They’re part of our culture’s common language.
In recent years, superhero films have consistently raked in millions of dollars at the global box office — the six films featuring Robert Downey Jr.’s Iron Man alone have grossed more than a billion dollars worldwide since 2008 — and Comic Cons all over the country attract hundreds of thousands of fans. Multiple reports, including one by the website Comic Beats and another conducted by online ticketing platform Eventbrite, suggest that comic book readers, as well as convention-goers, are split pretty evenly between men and women.
Comics and their film counterparts have wide appeal, and Tim Smyth, in his classes, began to understand that wide appeal firsthand. The teacher found that comics were not only useful tools for engaging students in lessons and getting them interested in reading; they could be helpful in connecting with a diverse group of kids.
This idea took shape for Smyth during an encounter with a student a couple years ago, an African-American boy who “I really wasn’t able to connect with and get involved in the classroom,” he says.
During class one day, the boy noticed a comic on Smyth’s shelves, a book featuring an African-American Spider-Man by the name of Mile Morales, “a character who looked like my student,” as the teacher would later write. The comic issue that the student found, Smyth explains, is “a powerful comic, when [Morales] stands up and you see his full face and he says, ‘I am Spider-Man.’”
Looking down at the book in his hands, the student found a hero he could connect with on a personal level.
“He saw the comic and he asked if he could borrow it,” Smyth says.
After that, the teacher noticed a change in his student: the boy began to engage in class lessons and even formed a friendship with Smyth, who started buying him comics. “By the end of the year, that’s how we connected,” the teacher says.
“I began to regularly share each new issue and his engagement, both in class and with me, changed drastically,” Smyth would later write for PBS. “I began to see how comic books could not only convey historical topics, but also help students to see themselves in our lessons.”
In his classroom recently, he adds, “And that’s the thing you want with a kid. Whether someone likes Notre Dame or someone likes the Eagles or something. For [that student], it was a comic book and because Spider-Man looked like him. It was neat, because now he and I talk in the hallway all the time.”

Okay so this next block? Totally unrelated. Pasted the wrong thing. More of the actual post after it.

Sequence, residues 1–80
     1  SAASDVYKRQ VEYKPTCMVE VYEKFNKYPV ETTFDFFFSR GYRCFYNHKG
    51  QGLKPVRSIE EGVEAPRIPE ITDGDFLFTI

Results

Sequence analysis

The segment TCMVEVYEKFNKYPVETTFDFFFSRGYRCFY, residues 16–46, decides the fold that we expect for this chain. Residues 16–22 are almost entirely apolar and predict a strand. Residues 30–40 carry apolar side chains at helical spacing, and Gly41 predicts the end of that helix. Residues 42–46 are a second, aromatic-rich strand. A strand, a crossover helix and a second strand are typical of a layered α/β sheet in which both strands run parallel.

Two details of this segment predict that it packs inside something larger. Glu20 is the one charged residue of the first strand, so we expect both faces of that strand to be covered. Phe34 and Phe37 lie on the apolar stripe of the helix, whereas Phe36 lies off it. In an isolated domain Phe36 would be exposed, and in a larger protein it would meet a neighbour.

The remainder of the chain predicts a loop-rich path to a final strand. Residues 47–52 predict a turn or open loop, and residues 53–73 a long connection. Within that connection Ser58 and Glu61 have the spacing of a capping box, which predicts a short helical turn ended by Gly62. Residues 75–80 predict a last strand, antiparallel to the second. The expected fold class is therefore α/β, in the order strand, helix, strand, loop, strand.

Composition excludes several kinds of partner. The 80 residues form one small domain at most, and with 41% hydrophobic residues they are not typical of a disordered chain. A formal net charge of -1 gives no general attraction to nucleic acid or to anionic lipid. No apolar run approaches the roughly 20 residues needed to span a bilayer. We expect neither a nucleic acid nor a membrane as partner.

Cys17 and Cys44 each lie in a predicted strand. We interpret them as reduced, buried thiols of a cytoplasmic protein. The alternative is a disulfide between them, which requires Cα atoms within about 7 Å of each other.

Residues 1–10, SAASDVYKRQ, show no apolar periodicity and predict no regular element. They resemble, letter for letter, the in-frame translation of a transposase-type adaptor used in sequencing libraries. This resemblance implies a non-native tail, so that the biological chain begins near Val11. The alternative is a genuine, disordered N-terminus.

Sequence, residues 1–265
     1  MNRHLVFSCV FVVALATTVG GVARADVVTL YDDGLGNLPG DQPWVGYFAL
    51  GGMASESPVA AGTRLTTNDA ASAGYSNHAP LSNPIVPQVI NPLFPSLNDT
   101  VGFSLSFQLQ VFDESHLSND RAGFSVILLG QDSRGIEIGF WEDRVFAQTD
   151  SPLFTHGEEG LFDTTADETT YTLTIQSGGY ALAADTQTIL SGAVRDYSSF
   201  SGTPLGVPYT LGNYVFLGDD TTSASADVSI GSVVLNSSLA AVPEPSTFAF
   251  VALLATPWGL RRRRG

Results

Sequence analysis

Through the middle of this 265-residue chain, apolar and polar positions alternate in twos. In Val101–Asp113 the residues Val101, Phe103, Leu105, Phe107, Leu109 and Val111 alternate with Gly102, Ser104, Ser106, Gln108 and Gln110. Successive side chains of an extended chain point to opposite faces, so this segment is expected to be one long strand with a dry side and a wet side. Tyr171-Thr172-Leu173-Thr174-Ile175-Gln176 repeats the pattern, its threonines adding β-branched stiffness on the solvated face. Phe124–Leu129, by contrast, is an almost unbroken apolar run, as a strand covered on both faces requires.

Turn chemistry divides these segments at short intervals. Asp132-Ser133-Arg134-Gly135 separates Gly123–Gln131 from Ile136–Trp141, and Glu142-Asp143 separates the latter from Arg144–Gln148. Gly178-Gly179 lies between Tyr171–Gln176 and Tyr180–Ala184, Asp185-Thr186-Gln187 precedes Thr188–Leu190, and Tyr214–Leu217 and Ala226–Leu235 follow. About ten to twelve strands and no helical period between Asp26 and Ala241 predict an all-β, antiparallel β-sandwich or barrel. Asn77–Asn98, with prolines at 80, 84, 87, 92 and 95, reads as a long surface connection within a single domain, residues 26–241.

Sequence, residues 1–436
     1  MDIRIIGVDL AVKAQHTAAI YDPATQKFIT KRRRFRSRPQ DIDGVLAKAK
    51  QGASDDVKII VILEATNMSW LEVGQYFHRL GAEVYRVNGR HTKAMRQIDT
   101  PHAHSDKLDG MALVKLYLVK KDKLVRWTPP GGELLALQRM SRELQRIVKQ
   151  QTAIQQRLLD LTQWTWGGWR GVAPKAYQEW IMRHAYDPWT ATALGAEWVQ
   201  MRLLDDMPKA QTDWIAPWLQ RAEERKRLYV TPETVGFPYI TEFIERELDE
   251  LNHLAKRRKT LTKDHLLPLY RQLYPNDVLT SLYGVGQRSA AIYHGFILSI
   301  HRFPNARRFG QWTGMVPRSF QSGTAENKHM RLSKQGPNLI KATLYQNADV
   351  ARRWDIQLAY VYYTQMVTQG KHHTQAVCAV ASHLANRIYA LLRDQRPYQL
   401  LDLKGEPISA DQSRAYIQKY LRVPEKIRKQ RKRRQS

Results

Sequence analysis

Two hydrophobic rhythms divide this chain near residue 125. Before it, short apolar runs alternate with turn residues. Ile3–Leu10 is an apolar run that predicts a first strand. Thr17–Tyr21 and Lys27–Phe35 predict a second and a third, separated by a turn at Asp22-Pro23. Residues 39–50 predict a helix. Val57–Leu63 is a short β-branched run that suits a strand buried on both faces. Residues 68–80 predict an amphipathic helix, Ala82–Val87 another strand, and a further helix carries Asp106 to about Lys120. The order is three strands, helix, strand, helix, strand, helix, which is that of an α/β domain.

‘Then you’re not depicting the world’
For those familiar with comic-book culture, it comes as no surprise that, for a long time, superheroes were not very diverse. Despite their wide appeal, comics often failed to feature people of color as the heroes of their stories. The typical hero was white, straight, and male.
Even when publishers began to change that trend, there were still deeply-rooted problems with how women and people of color were being depicted. The former was frequently scantily clad, and the latter was just as often paired with some racial descriptor.
“In the ’90s there was Milestone Comics,” Smyth explains, “and it had African-American titles: Black Lightning, things like that. Unfortunately, white characters would be called Lightning, but if it’s a black character, it’s got to be Black Lightning.”
In recent years, comics have become much more diverse, with series featuring a female Thor, an African-American Captain America, a gay Iceman, and a Korean-American Hulk (just to name a few).
More contemporary comic authors, like G. Willow Wilson and Ta-Nehisi Coates, are now not just creating strong heroes of varying ethnic and religious backgrounds but gearing those heroes toward a younger audience, in effect designing role models for adolescent readers who might lack many options.